Calgarian prepares for Olympic bobsleigh competition
Kaillie Humphries says she is ready to prove that she has the speed to bring home gold this February at the 2014 Winter Olympics in Sochi, Russia.
Humphries, who was born and raised in Calgary, made Olympic history when she became the first Canadian woman to take home the gold medal in the two-woman bobsleigh at the 2010 Vancouver Olympics.
“Competing in Vancouver was just an incredible experience. The hard work paid off and it was especially great since it was on home soil,” Humphries says.
Humphries added to her record-breaking career in 2012 when she won the World Championship in bobsleigh, another first for a Canadian woman.
Humphries, 28, grew up in Calgary competing in alpine skiing until she was 16. She then turned her interests to bobsleigh and hasn’t looked back since.
Photo courtsey of BobTeamHumphriesHumphries says she is proud of growing up in Calgary with the legacy of the 1988 Olympic Games, which really allowed her to develop her athletic career.
“I’ve had access to a lot of amateur sports. Amateur athletics have been in my blood because it is just so accessible here, which has definitely helped bring me to this point.”
Humphries adds that the facilities at Canada Olympic Park have been a huge benefit to her training routine.
“The facilities here have really grown and turned into high performance facilities, which is so amazing,” she says. “After travelling the world and seeing other training facilities I can come back to Calgary and see that we are now at a point where we have stuff that other nations want. It’s just incredible because it is going to allow us to be at a point where we are consistently high-performance.”
Before the Winter Games in Sochi, Russia from Feb. 7-23, Humphries and her bobsleigh partner Heather Moyse will compete in the International Bobsleigh and Skeleton Federation’s World Cup Tour.
Competition began in Calgary on Nov. 30 and runs until Jan. 26. The tour consists of a circuit of eight bobsleigh tracks in different countries where world-class bobsleigh teams will compete for the championship.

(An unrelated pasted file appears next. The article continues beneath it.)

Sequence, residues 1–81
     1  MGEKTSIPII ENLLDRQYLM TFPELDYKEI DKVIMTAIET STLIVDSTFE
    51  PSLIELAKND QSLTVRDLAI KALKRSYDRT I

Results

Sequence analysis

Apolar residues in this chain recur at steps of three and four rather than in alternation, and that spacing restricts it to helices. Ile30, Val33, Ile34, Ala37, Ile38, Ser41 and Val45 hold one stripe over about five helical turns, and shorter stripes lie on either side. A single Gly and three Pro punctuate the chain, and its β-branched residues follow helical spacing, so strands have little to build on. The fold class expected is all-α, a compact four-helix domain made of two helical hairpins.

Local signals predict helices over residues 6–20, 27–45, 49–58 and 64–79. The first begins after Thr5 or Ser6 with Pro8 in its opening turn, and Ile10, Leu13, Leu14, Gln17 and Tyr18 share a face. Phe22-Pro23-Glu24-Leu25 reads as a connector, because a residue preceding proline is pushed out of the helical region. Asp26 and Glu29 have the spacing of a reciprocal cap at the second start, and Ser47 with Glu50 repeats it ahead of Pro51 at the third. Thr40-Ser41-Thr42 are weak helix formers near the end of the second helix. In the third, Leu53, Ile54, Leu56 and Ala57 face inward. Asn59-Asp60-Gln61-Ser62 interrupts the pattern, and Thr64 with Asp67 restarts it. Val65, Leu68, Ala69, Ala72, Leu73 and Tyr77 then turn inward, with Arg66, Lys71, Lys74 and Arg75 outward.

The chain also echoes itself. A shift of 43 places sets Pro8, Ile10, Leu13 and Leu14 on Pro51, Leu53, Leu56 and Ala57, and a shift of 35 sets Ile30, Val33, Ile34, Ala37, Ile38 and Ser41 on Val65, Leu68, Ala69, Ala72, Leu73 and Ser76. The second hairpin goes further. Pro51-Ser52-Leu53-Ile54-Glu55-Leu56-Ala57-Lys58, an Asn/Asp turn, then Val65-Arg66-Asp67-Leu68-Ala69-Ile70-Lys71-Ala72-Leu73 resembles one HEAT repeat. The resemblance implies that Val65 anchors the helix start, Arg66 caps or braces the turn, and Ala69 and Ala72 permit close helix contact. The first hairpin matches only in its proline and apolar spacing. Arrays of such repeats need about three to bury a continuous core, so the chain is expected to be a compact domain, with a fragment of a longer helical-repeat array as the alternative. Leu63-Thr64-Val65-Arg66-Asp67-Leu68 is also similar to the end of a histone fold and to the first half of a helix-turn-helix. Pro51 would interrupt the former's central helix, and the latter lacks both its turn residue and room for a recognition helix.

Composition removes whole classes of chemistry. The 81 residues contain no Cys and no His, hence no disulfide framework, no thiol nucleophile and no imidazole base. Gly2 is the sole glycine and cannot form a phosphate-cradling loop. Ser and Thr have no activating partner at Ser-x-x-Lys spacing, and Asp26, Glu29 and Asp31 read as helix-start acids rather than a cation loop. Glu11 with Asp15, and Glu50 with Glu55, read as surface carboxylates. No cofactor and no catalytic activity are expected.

Moyse emphasizes the importance of physical preparation.
“Right now we need to be doing lots of training, lifting weights, sprinting and getting ready in the ice house. It’s almost every day, depending on the person because some people need more recovery time than others,” Moyse says.
Humphries adds that training becomes more rigid when competition season starts.
During competition season, the duo will complete three official days of training, both on the ice and in the gym. After, they have one day of rest before competition day.
Diet is also a very important aspect of training, Humphries says. While some body types are different, she says her and her partner need to pay attention to what they eat.
“Heather is very lean and pretty jacked, so she can eat all the carbs and sugar she wants. Not me though, I would be huge,” Humphries laughs.
She adds that a typical meal consists of a carbohydrate, a lot of meat and fruits and vegetables.
“At the end of the day weight is an issue for us. Not a bad one, but a good one. We can get away with eating most things in order to keep the weight on. Especially since we are out in the cold all the time, long days, constant training, plus travelling,” she says.
Road to Sochi
Humphries says competing in Sochi won’t be nearly the same as competing in the 2010 Vancouver Games.
Being on her home track and having allies in her corner was a huge benefit in Vancouver, which Humphries says she will have to learn how to cope without in Russia.
“It’s going to be difficult challenge. We’re going to really have to be able to go with the flow and really just do the very best that we can. That’s all we can expect of ourselves,” Humphries says.